Complementary businesses, by contrast, sell related products and services; they are not direct competitors. Some combinations of purchases just naturally go together, such as the bridal cluster that groups together everything couples will need when getting married. Or home décor businesses that sell carpets, draperies, and appliances. Complementary clusters facilitate what may best be described as “power shopping,” which lets customers easily patronize stores located near each other. While some big-box businesses are now attempting to capture all related purchases under one roof, commercial districts with complementary clusters of independent businesses have already proven successful.

Compatible Clusters: Clustering based on consumer niches

Compatible businesses may sell unrelated products and services but share customers. Consumers, like businesses, can be grouped according to commonalities. Customers who are similar demographically or psychographically will, in theory, have similar purchasing preferences. Compatible clusters include a concentration of businesses that appeal to a particular customer group, such as up-scale, senior-citizen, or discount-oriented customers. If your district has half a dozen businesses that cater to teens, for example, they will do better if they are located near one another than if they are scattered throughout the district. The teens will be more inclined to visit all of these stores if the businesses are located near one another than if they have to search for them. Compatible clusters facilitate what may best be described as impulse shopping.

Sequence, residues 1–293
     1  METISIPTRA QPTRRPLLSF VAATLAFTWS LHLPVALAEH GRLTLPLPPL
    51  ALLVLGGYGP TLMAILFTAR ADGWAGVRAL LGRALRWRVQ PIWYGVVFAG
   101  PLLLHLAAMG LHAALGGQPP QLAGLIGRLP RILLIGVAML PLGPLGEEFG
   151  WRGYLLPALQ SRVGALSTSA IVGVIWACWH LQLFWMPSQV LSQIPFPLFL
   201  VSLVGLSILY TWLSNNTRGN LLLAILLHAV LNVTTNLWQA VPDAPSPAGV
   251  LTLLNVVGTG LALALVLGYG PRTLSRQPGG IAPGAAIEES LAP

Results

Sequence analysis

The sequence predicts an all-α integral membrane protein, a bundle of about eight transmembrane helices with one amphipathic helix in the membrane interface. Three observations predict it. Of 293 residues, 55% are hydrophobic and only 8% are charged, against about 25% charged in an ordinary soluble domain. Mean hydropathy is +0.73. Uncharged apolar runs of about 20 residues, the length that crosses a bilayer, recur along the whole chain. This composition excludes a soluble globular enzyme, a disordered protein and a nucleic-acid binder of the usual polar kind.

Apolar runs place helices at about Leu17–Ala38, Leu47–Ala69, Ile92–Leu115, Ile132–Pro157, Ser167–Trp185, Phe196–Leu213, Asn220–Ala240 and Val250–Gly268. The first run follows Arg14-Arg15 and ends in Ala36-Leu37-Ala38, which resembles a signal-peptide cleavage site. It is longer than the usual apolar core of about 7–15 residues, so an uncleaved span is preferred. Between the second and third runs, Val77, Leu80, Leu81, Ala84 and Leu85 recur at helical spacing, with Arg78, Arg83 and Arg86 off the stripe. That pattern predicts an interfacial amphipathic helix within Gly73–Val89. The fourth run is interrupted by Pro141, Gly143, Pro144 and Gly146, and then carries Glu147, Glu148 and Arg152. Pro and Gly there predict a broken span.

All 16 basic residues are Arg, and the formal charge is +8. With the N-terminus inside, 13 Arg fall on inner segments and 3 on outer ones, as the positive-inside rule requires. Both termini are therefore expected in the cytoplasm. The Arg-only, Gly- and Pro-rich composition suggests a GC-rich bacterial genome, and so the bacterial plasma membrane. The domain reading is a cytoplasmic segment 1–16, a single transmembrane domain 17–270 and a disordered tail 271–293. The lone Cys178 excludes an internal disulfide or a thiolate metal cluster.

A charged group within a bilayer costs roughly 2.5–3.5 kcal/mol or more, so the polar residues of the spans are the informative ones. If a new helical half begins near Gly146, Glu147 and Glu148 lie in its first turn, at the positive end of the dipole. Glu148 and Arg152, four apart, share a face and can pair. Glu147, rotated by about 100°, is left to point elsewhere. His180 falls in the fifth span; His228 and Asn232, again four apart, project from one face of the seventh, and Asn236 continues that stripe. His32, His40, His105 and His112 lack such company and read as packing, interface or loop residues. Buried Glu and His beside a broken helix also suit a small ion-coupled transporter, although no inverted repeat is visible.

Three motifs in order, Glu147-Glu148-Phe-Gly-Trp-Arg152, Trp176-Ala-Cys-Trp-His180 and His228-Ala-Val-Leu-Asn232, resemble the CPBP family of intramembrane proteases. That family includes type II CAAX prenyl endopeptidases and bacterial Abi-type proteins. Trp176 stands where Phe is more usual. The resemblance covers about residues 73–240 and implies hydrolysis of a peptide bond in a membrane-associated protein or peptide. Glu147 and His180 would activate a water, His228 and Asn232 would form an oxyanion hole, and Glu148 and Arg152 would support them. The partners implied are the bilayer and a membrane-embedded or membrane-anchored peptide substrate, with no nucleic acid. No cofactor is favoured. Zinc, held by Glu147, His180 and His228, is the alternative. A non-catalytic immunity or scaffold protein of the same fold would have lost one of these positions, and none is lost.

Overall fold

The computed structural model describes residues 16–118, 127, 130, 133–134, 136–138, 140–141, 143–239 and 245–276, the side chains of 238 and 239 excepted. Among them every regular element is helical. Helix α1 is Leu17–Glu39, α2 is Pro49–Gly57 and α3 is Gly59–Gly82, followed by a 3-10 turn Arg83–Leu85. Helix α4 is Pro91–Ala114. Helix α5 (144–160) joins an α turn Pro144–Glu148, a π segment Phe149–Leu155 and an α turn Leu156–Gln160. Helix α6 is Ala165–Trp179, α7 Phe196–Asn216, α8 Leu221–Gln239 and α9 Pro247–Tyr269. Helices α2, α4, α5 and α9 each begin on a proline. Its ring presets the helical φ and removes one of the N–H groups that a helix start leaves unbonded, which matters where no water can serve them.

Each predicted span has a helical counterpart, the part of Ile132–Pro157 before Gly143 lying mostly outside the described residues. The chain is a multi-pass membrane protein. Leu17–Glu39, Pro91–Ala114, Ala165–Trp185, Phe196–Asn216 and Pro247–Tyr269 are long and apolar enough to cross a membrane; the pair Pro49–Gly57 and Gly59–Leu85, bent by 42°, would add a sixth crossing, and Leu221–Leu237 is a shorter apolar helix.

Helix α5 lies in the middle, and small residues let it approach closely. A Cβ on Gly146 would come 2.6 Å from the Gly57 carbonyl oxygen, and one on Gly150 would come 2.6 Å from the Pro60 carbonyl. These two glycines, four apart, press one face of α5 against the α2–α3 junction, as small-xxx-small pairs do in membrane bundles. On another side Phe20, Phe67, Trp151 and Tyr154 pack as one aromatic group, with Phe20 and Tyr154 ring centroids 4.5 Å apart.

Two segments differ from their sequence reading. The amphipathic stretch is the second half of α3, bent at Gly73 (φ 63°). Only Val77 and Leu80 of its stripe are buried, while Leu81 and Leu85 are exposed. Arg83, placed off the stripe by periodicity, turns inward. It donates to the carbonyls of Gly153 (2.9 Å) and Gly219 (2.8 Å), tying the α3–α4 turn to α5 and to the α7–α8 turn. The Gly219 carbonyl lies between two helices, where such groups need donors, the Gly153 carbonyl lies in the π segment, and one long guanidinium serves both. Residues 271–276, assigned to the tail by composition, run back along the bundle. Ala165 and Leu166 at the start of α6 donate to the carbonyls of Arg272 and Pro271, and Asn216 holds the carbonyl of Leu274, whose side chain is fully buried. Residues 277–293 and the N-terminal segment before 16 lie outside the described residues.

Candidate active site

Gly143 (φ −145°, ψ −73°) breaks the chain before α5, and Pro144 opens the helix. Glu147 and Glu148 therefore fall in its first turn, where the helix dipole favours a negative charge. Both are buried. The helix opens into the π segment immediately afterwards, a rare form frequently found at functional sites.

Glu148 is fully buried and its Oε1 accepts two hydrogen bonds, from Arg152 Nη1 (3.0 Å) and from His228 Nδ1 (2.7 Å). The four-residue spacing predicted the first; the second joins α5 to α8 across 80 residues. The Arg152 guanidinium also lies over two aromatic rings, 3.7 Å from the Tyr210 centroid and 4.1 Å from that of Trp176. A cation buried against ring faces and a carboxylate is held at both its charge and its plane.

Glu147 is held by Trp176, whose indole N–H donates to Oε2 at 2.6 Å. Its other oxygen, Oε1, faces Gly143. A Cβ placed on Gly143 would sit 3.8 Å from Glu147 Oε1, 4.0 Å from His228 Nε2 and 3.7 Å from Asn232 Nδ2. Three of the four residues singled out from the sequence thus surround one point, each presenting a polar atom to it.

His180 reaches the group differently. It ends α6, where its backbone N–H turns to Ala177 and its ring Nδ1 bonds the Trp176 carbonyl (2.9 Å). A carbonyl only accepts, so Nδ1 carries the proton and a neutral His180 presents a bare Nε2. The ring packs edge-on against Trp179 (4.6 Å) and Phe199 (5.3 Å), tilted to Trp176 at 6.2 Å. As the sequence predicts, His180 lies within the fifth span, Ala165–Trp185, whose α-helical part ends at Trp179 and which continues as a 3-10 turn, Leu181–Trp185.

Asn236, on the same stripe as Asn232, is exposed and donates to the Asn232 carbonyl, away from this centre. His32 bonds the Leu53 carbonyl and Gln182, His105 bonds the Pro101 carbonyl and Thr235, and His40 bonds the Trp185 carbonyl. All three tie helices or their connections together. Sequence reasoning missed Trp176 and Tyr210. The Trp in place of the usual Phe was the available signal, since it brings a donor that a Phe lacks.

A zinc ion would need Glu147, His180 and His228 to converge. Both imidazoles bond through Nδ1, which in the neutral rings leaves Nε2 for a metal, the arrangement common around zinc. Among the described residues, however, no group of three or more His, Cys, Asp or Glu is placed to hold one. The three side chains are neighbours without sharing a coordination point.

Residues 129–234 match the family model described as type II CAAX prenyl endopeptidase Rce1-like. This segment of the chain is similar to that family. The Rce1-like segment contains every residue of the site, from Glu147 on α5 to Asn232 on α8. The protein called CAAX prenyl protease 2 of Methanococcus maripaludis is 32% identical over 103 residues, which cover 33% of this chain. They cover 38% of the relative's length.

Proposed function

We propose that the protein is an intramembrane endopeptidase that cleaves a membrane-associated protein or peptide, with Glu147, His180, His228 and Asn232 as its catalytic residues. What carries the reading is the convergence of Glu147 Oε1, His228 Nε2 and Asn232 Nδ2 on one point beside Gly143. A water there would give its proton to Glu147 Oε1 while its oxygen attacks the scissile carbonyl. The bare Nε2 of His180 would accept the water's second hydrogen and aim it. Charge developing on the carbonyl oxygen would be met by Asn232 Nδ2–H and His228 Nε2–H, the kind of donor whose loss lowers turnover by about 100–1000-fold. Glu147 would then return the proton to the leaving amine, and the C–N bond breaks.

Because property in downtowns and neighborhood commercial districts is usually independently owned, Main Street is at a disadvantage when it comes to clustering businesses. Unlike mall managers and shopping center directors, Main Street programs probably won’t be able to actively cluster businesses through lease management (although some programs have established first right-of-refusal agreements with property owners to govern selection of future tenants and have bought lease options to keep a space available until a mutually acceptable tenant is found).